It wasn’t because the bed was perfect. It was, after all, handmade. As a child as now, I have always been far more impacted by the love put into a present than in the most expensive of gifts. My dad could have gone out and bought me a bed like other little girls had, but instead, I got something special. That was something no one else would ever have or could ever have. The bed lived on in my mind long after the flames took it.

Here we come back to the fairy tale princess:

The princess grew up and after many trials and tribulations she found her prince. They got married and she became his Queen and he was her King. They loved each other very much even though the words, ‘and they lived happily ever after’ never scrolled onto the screen. Instead they had many adventures and came to love each other more and more despite all odds.

Here I am, a Queen now in my own way but a Queen with a story that lacks closure on many areas. That’s just bad storytelling: Let’s hear more.

virginia-red-roses

This year I was telling my husband about my little girl bed and discussing the loss of it. There’s a whole lot more to the stories here, a wicked witch of a stepmother, a father turned villain, a mother under a horrible spell…

But that’s not for today. Today is about a happy ending to an aspect of my fairy tale princess story. After hearing about my loss my husband decided that it was only fitting that I get a grown up version of what had been stolen from me. This brings us back to Valentine’s Day.

True to the original bed, my husband decided to draft plans for a new, improved version of the bed and today I was presented with what will soon be a bed fit for a Queen. I’m not a princess anymore and I don’t need my little girl bed returned to me, there wouldn’t be room for two in it for starters!

I found a picture that is close to what the finished product will look like (there will probably be fewer throw pillows though): hp photosmart 720

Pretty nice, huh?

The dominant colors will be red with gold and dark wood accents and the headboard won’t look like the one pictured, but it gives you a pretty good idea: valance, curtains, fancy bit at the top and my husband will be carving the posts with things that are significant to us in our relationship rather than the simple doweling for the corners.

How did this make me feel?

First off: happy that it isn’t completed yet. I think having it all at once would have been a bit shocking to my system. It’s nice to have a bit of time to adapt and I’m also happy to have gotten to have input into the final touches of design.

Second of all, a lot like crying. We all lose things in life. Usually it’s a gradual moving on, in my case however, it was a violent and dramatic wrenching away of all my childish things in one hideous blaze. All I had left after the fire was my dog who was thankfully with me at the time. Even my fish and my turtle got fried.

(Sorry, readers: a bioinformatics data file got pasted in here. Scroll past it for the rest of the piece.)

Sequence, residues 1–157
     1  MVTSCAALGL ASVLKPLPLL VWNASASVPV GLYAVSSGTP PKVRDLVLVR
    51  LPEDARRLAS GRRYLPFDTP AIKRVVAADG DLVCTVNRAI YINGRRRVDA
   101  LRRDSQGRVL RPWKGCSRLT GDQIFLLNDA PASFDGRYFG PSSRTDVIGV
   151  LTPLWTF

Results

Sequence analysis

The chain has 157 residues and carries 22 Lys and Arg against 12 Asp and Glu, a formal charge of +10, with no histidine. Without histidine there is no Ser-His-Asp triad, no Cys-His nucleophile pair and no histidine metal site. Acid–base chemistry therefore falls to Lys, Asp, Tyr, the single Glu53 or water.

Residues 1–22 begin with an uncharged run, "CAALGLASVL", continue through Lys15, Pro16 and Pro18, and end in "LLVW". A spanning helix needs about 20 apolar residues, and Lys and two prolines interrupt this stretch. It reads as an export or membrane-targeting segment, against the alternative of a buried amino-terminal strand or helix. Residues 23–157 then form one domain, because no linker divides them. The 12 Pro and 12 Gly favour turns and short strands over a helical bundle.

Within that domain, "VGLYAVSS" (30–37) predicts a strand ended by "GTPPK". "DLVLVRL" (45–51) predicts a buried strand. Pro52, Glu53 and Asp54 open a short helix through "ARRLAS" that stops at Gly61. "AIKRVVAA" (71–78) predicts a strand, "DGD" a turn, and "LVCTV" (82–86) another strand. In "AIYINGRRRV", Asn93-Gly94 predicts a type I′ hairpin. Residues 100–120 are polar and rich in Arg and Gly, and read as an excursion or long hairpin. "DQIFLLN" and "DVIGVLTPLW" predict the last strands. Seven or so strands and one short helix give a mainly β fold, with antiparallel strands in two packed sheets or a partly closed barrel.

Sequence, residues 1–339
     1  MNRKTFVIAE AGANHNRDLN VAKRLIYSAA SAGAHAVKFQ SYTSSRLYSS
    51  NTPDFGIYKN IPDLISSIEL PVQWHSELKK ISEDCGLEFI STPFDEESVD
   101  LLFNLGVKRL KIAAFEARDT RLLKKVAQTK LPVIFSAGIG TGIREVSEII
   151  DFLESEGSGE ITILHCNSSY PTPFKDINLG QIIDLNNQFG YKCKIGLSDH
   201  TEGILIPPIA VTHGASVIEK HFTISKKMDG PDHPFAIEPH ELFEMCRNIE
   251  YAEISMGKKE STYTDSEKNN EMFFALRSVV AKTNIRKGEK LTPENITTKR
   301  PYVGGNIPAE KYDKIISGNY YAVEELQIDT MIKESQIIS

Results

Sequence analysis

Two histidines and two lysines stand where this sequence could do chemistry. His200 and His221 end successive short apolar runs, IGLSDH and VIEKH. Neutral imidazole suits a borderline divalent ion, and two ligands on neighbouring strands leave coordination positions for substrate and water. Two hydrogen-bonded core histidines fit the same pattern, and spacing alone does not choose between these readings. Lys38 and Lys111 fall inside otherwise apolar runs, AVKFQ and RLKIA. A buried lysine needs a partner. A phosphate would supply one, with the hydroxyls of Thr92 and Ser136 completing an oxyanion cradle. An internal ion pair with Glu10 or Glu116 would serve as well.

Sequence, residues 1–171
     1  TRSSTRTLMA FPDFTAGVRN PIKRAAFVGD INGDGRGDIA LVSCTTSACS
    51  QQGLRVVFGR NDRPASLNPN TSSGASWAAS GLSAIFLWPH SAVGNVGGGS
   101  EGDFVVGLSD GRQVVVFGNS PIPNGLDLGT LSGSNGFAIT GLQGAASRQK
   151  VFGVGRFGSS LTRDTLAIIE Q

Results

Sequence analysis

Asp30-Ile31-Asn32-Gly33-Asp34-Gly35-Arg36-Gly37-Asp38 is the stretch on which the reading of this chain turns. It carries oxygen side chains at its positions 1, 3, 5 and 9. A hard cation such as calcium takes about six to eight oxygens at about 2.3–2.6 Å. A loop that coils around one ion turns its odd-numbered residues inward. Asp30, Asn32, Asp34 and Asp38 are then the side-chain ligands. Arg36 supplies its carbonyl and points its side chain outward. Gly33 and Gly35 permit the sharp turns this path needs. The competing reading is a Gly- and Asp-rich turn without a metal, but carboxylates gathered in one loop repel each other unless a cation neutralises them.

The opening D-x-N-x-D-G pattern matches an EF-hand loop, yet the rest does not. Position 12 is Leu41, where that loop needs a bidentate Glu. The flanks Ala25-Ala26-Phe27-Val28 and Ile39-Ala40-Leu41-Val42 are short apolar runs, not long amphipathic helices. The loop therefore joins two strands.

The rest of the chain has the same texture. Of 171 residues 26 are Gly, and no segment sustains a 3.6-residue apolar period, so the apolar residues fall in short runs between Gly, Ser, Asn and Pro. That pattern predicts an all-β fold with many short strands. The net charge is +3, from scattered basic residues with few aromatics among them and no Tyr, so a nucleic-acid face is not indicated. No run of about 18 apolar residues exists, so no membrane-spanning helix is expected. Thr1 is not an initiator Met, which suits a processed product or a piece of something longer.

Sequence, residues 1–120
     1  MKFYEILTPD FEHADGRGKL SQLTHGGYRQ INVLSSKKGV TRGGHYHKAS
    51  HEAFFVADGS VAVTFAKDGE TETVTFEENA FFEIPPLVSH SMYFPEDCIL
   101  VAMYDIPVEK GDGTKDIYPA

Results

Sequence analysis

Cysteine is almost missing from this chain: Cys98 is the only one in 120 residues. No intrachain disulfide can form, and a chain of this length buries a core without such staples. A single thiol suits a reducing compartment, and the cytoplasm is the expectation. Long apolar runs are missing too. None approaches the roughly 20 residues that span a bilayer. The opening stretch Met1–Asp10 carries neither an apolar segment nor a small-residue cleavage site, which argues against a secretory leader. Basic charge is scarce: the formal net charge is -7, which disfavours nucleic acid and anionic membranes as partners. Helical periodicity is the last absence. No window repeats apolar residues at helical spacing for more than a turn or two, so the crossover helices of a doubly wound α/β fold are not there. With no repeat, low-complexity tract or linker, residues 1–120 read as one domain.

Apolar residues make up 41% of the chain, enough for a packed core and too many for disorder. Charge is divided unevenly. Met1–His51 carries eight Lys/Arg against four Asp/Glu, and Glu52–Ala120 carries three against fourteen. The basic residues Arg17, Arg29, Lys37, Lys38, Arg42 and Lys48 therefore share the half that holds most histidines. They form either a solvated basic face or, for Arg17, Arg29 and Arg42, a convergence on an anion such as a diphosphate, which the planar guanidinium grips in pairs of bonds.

A fire like that, the loss of my entire life isn’t something that is easily forgotten. The beautiful bed and all of the things I loved were taken from me. That was something that I dealt with and moved on until I discovered the villainy behind the fire and that it was not an accident. The bed had been taken from me by the same man who had so lovingly built it for me.

This is more than a piece of my childhood restored, this is a marriage bed. This is a bed fit for a Queen. This is a celebration of the fact that I am married to someone who cares about me enough to give and to not take away.

valentines-day

There were some more little exchanges. There was a lot of snuggling, there was good food and chocolates and the night was rounded out with a movie.

I got tools for me to work on my pottery and a handmade container especially designed for them. My husband got a few special things too 😉

I don’t think there is a Valentine’s Day that could equal what my husband did for me this year because it wasn’t just a time for loving, it was also the return of potential that had been stolen from me. It was a return of a certain trust that my father lost and my husband gained.
It was in fact, the best Valentine’s Day that the little princess who lost her magic bed could have ever imagined. Maybe I’ve got a fairy godmother or two looking out for me as well as some guardian angels. Man, I keep all those guys busy!

guardian-angel

 

Brook’s

Brook’s interweaves a complex plot as an owner of a pub deals with her past as her family re-inserts itself into her life. There’s nothing good about her family and her friends are being stalked by a brutal serial killer. More and more Brook’s wealthy father becomes the biggest suspect in this intense world where one misstep can make you lose your hide- literally.

Brook’s is coming soon from StarkLight Press.

Brook’s evolved out of a single chapter that was initially part of another project. The chapter was about a killer and it was deemed to be ‘walking a fine line to being too dark’. I lost interest in the greater project and took my chapter as the basis for a whole new story. This is one of my few stories where there are few aspects of speculative fiction. Despite many of the extreme concepts in Brook’s, there is nothing here that is beyond the scope of the people or world that we live in.
Half mystery, half horror, Brook’s examines family entanglements that won’t let go and what it’s like to be linked to monsters and to try to have a normal life. It also looks at the darkness of protecting those same human monsters. This is something I’ve encountered again and again in my own life; being hit with glimpses of the darkness inside people and watching the cover ups that follow.

I have put a lot of what I’ve seen in the world in terms of darkness and cover ups into this story and even though it is strictly a fictional story, it is also a true story in far too many towns.

brooks-by-vcs